Article by MJ Banias November 22, 2019 (popularmechanics.com)
• In an interview with MJ Banias of Popular Mechanics, Richard Hoffman and Robert Powell discuss the creation of the ‘Scientific Coalition for UAP Studies’. Hoffman and Powell occupy two of the three seats on the non-profit’s governing board. The purpose of the ‘SCU’ is to establish a scientifically credible organization that will collect “multiple sensory data” on UAPs, such as radar tracks and video, which can be analyzed and studied by scientific experts, rather than to simply report and tally random UFO sightings. They intend to publish these studies in a biannual peer-reviewed journal set to begin next year.
• ‘Unidentified Ariel Phenomenon’ or UAP is the current rebranding of Unidentified Flying Objects because the term UFO carries too much cultural baggage.
• The SCU currently has 69 active members who are mostly scientists, former military officers, and former law enforcement personnel with technical experience and investigative backgrounds with companies and agencies such as Lockheed, NORAD, the U.S. Space Command, and NASA. Device physics expert Robert Powell says, “To date, there hasn’t been an extensive and well-funded scientific investigation of these phenomena using state-of-the-art investigative tools and a dedicated investigative team.” The SCU intends to change this.
• Richard Hoffman is a 25-year information technology expert on contract with the U.S. Army’s Material Command at the Redstone Arsenal in Huntsville, Alabama. Hoffman notes that “The scientific community still has to deal with the decades of stigma associated with what they see as pseudoscience or fringe science.” “Many scientists do have interests in the phenomena, but are most often discouraged by others to embrace it so they hide it.”
• While the SCU doesn’t suppose that non-human intelligence is responsible for UFOs, some scientists have starting to ask more questions in the wake of revelations by the US Navy that UAPs having “capabilities…beyond any known technology” exist, and that the Pentagon ran an Advanced Aerospace Threat Identification Program to study UFOs. The organization has suggested that “the public release of all Navy records associated with (the Nimitz ‘tic tac’ UFO) incident to enable a full, scientific and open investigation is strongly recommended.”
• Still, contemporary ufology makes many academics and scientists nervous. For as long as humans have claimed to have seen UFOs, the established scientific community has been conditioned to consider them nonsense. And the decades-long taboo surrounding UFOs can still kill a professional career. When physical evidence or data has been presented, the well-established ufological conspiracy and myth-making machines set out to discredit that data.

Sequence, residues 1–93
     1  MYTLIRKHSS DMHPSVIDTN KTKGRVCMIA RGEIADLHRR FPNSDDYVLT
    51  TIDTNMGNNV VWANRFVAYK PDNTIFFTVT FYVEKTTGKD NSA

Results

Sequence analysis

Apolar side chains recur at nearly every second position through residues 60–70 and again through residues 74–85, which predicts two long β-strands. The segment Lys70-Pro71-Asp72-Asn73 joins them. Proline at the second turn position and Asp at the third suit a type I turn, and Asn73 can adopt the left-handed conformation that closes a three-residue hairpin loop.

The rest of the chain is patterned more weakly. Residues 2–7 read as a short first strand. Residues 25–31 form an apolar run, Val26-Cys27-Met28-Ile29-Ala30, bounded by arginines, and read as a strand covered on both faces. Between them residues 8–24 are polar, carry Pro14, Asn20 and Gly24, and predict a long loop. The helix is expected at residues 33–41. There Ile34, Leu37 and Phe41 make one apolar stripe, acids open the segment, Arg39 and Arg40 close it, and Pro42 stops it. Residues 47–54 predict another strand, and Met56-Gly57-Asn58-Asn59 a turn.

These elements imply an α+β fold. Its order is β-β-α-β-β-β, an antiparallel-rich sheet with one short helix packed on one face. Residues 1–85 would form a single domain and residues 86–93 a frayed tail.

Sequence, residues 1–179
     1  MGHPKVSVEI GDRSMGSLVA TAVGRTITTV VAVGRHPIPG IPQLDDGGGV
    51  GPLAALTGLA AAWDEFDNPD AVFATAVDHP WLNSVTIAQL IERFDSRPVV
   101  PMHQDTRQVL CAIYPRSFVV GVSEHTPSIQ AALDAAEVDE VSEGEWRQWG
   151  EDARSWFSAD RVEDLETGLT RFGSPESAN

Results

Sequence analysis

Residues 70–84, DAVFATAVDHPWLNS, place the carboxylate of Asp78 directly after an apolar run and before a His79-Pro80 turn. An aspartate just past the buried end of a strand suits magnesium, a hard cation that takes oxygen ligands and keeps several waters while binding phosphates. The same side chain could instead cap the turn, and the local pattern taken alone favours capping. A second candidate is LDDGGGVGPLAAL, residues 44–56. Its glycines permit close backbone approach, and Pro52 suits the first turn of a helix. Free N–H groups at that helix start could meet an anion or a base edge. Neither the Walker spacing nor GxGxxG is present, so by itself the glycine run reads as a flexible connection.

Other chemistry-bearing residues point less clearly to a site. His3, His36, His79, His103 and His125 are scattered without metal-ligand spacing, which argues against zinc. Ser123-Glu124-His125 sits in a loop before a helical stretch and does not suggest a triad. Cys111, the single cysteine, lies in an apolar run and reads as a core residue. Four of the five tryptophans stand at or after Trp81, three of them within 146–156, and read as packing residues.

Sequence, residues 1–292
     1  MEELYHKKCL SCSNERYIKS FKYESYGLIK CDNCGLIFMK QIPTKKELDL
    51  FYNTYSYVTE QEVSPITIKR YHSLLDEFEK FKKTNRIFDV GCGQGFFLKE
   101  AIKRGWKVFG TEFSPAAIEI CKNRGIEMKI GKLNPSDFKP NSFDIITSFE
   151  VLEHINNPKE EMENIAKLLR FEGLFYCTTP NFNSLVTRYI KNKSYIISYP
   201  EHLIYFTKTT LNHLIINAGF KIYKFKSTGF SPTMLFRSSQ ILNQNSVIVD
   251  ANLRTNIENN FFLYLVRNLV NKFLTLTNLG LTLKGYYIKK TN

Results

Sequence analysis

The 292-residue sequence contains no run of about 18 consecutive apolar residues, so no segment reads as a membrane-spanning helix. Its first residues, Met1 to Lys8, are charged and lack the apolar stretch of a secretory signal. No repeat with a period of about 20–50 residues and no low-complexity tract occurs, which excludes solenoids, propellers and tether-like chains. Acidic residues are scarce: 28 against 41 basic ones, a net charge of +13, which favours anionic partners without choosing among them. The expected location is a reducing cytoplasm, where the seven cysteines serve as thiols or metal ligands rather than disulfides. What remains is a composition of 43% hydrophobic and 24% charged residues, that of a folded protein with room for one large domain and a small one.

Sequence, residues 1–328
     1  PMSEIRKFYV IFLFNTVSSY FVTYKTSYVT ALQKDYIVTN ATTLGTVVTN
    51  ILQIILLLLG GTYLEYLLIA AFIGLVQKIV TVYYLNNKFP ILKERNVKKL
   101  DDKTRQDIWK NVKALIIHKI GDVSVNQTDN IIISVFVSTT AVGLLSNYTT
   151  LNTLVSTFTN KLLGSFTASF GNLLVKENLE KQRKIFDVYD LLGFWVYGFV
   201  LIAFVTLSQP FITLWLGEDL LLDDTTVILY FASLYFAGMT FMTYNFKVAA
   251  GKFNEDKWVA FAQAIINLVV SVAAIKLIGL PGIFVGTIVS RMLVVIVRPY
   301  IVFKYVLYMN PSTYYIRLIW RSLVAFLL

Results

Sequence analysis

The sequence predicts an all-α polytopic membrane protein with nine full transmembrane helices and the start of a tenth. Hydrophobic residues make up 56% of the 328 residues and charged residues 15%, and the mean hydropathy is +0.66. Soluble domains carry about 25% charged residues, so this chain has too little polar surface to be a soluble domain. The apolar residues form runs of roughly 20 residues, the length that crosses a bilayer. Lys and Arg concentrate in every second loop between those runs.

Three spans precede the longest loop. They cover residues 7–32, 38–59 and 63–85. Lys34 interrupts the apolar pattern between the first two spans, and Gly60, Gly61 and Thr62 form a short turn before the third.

• In 1953, the Robertson Panel was formed at the behest of the government to look at UFO reports after a string of odd aerial objects were seen over Washington, D.C. the previous year. The panel concluded that UFOs posed no risk to national security. Furthermore, it proposed that the National Security Council actively debunk UFO reports and make them the subject of ridicule. The Panel even recommended that UFO investigative and research groups be monitored by intelligence agencies for subversive activity. (see Robertson Panel Report here)
• In 1969, the US Air Force and the University of Colorado produced the Condon Report to close down Project Blue Book (see Condon Report here). A controversial memorandum surfaced that revealed that the report itself had to “trick” the public into thinking the study was objective, but would ensure that the final and official position is that all UFO incidents were hoaxes, delusion and human error. (see memorandum here) UFOs were lumped in with stories of space men from Venus, alien bases in Antarctica, and a subculture of people claiming to be alien channelers, time-traveling ambassadors, and new-age UFO prophets.
• Other UFO study organizations include Project Hessdalen in Norway that monitors strange light phenomena, and the UFO Data Acquisition Project that is designing computer software to monitor and track aerial phenomenon as well as provide metadata that can be analyzed. Alexander Wendt is a political science professor at the Ohio State University who sits on the board of UFOData which also tracks anomalous phenomena in the skies. According to Wendt, neither the government nor the established scientific community are going to fund UFO research. Says Wendt, “I don’t get the sense the scientific community is any more interested or open than it was before. The solution seems to be crowdfunding or finding private donors to invest in these projects.